US Senator Maggie Hassan has sent a letter to Valve boss Gabe Newell expressing concern about “extremist content” on Steam and asking what Valve is doing to combat Nazism, white supremacy, misogyny and abuse. other “hate sentiments” shared on the platform. .
“As the most popular and largest digital distribution platform for computer video games, including online community and communication features, Steam has considerable national and global reach and is used by gamers across computer video games of all ages,” Hassan wrote in the letter, available on Vice (opens in a new tab).
“Disturbingly, Steam has a significant presence of users displaying and espousing neo-Nazi, extremist, racial supremacist, misogynistic and other hateful sentiments. Valve should take steps to prevent harmful content, especially given the relationship between online commentary and violence in the offline world Extremist content on Steam, found after quick keyword searches using terms and images commonly associated with neo-Nazi, extremist and racial supremacist ideologies, is ubiquitous.
Hassan cited the “simple and unambiguous” use of the term “88” – a well-known neo-Nazi reference to HH, or Heil Hitler – in user account and community groups in his letter, as well as the common presence of symbols, images and language associated with the Third Reich. The prevalence of this content is “extremely concerning,” Hassan wrote, “particularly given the popularity that current Valve enjoys relative to its competitors in the digital video game distribution ecosystem.”
The unmoderated presence of “hateful and harmful ideologies” prevents many of its users from participating in its communities, for fear of harassment, abuse or threats, Hassan said. Worse still, allowing these ideas to flourish unopposed opens the door to “the very real threat of violence in offline physical spaces.”
“A recent report by the Anti-Defamation League found that ‘nearly one in ten gamers between the ages of 13 and 17 have been exposed to white supremacist ideology and themes in online multiplayer games'” , she wrote. “With extremist ideologies and anti-Semitic violence on the rise around the world, it’s incumbent on companies to monitor the content users put into their products.”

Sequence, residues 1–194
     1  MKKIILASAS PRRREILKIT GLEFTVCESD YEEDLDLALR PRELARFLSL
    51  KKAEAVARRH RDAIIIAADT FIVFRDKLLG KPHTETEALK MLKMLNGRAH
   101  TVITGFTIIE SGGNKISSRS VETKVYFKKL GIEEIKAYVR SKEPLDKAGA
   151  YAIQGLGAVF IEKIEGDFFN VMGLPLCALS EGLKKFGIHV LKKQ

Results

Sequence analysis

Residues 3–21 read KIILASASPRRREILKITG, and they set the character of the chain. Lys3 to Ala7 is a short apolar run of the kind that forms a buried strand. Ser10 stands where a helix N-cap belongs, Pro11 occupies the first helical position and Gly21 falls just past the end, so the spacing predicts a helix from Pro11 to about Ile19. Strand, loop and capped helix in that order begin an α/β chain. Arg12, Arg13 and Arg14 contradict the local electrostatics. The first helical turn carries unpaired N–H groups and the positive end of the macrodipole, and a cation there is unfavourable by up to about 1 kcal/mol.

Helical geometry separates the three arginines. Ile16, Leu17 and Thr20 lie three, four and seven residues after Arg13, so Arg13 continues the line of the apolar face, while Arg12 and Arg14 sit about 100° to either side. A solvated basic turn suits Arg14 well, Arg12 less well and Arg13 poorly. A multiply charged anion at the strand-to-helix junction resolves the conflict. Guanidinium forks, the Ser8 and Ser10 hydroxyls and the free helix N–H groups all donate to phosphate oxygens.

After laying out her case, Hassan posed the question to Valve: does the content she cited in her letter violate Steam’s subscription agreement, and if so, what exactly is Valve doing to find it and close it?
“Opposing the spread of extremist and racist activity online should be something that everyone can agree is important and ensuring that online leisure spaces are safe and welcoming for everyone should be a top priority of video game manufacturers and distributors,” Hassan wrote. She asked Valve to respond to her requests by January 15, 2023.
She’s not wrong: Steam isn’t the Daily Stormer’s second coming, but there’s plenty of Nazi-adjacent content to be found, in users, groups, and game titles. Some of them are clearly facetious, but that can be a hard line to draw, especially when you’re young, isolated, and heavily online.
Steam has faced this criticism before. Back in 2018, we pointed out that Steam was hosting hate groups (opens in a new tab) because Valve was not enforcing its rules. Other online community platforms have come under similar criticism. Discord was also taken to task in 2018 (opens in a new tab).
Valve isn’t the only game company facing another round of tough questions from US politicians over extremist content. An axe (opens in a new tab)Our report says seven Democratic members of Congress signed a similar letter sent to Activision Blizzard, Electronic Arts, Epic, Innersloth, Microsoft, PUBG Corp, Riot Games, Roblox, Sony, Square, Take-Two Interactive, Tencent, Ubisoft, and Valve. to inquire about their processes for dealing with extremism and harassment in online gaming, and “request review of security measures relating to countering harassment and extremism.” The authors of this letter requested a response by January 9.
I have contacted Valve to comment on Hassan’s letter and will update if I receive a response.